Planning, organizing and executing an event is no child’s play. From start to finish, a lot of resources would be required to be deployed for the success of your event, and funding is surely a major one. If your event is not already fully funded, you may want to consider getting a few sponsors on board who can help lighten the load on your shoulders. But the ‘how’ of doing that can be really daring and scary. Hey, we’ve got you on this one.
In this post, we have prepared a fail-proof and risk-free strategy to you can use to approach potential event sponsors for your next event.
First, Build Your Prospective Sponsors List
To get you started, you must know that not every individual and company would be a fitting sponsor for your event. It does seem like finding a treasure chest if you can get all the corporate bodies in your city to sponsor your event, but if you take a deeper look, you’d find that some aren’t actually adding any value to your brand, even when they throw some bucks around.
To put simply, you should avoid event sponsorship mismatch. This happens when companies with entirely different value proposition are partnered with events that have no brand relationship with either party. Can you imagine a sports fashion brand like Nike sponsoring a conference on robotics engineering or a mask party? Think about it. What you need to do is to do a research on prospective sponsors for your event who are also related in one way or another to your event goals or value proposition.
To do this, you can create categories according to your event needs, industry specifics, brand appeal, target demographics, audience appeal, etc. While researching these prospects, simply fill the categories with their names and contact details.
Look Within Your Personal Network
You may not know this, but half of the sponsors you are ever going to need for your event can potentially be sourced from your personal network if you look within. Personal network, here, does not refer entirely to family and friends that you relate to on a frequent basis. It can also stretch to your social media following, especially on LinkedIn. These are viable platforms that allow you connect with industry leaders and brands that can potentially sponsor your event.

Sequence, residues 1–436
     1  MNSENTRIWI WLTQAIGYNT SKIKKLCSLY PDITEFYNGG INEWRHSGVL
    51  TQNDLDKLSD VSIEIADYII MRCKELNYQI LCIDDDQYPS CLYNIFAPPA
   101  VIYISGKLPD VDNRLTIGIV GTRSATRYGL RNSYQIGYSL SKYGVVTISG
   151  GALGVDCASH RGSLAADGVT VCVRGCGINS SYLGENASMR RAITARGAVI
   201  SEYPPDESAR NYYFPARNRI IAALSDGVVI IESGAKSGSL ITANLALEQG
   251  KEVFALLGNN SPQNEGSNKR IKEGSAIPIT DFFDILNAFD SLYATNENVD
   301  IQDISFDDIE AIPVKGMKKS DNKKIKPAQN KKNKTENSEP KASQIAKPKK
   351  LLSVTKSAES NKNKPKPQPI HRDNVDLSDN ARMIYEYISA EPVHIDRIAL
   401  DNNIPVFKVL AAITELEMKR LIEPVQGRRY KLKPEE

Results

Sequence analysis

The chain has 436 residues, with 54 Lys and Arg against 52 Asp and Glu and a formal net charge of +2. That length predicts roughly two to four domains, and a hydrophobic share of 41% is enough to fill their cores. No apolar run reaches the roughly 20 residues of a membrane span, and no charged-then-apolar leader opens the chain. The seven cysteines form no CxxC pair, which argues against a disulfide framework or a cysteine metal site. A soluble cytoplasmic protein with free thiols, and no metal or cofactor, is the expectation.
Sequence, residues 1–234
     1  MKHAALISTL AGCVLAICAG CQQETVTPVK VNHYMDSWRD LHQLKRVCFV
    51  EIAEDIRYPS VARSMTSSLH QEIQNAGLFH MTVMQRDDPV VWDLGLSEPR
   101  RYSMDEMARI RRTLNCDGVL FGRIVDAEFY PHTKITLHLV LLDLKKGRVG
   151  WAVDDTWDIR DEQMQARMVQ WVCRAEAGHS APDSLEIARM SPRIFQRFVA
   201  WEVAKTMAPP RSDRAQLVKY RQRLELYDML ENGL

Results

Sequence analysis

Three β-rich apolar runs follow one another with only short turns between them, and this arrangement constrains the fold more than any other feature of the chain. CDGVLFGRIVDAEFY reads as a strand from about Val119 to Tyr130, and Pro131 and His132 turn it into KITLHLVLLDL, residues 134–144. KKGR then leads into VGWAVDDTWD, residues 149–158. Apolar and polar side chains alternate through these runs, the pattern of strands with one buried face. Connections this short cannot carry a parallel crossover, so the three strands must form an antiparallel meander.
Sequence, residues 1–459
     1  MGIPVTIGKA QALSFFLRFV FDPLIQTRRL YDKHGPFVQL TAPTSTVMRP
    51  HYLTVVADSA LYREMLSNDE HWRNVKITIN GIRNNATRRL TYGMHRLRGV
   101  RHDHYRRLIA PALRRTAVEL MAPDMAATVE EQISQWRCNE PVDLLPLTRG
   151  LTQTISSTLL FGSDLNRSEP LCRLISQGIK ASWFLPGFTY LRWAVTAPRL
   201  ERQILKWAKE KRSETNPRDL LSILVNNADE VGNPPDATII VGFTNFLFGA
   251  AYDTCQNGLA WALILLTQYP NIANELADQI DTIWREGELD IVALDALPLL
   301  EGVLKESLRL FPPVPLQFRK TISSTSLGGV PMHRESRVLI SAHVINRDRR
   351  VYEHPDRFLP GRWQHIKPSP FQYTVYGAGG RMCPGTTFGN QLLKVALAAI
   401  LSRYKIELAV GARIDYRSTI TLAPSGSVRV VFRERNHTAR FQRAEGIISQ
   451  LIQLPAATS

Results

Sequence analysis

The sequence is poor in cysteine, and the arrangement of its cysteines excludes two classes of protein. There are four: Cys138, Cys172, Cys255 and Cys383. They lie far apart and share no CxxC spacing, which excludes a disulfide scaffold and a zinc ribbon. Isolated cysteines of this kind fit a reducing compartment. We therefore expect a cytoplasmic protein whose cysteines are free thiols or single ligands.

So, your first outward action should be to reach out to these networks (online and offline) to see if they can add any form of value to your event, whether they would be willing to sponsor it, and the role they would be willing to play.
Give Your Event a Professional Brand
Remember how you’d look up a company’s website to evaluate their brand visibility and professional credibility in your bid to enter into a working relationship or simply do business with them? That’s the same way that corporate bodies look your event up when you first reach out to them. They are going to look you up online, visit your site and browse the web for mentions to see if you are visible and credible.
To increase your chances of being considered for sponsorship by your prospects, you should do any of the following to gain some brand visibility and credibility:
- Create a logo and event brand design
- Build an event website, app or chatbot
- Create social media profiles for your event and promote your pages
- Prepare an event brochure and put on your website for more information
- Run ads on social media to reach more audience and gain more mentions
Remember, by sponsoring you, a company is aligning its brand image with yours, and if your brand doesn’t reflect a professional and credible image, you may need only luck to get them on your side.
Make Your First Pitch (Don’t Cold Call)
At this stage, we want to believe that you have all your event information like the goal, date, proposed venue, proposed budget, etc., sorted out. Armed with that and your professional event brand, you can now reach out to your prospects with teasers. Avoid cold calling them at this stage!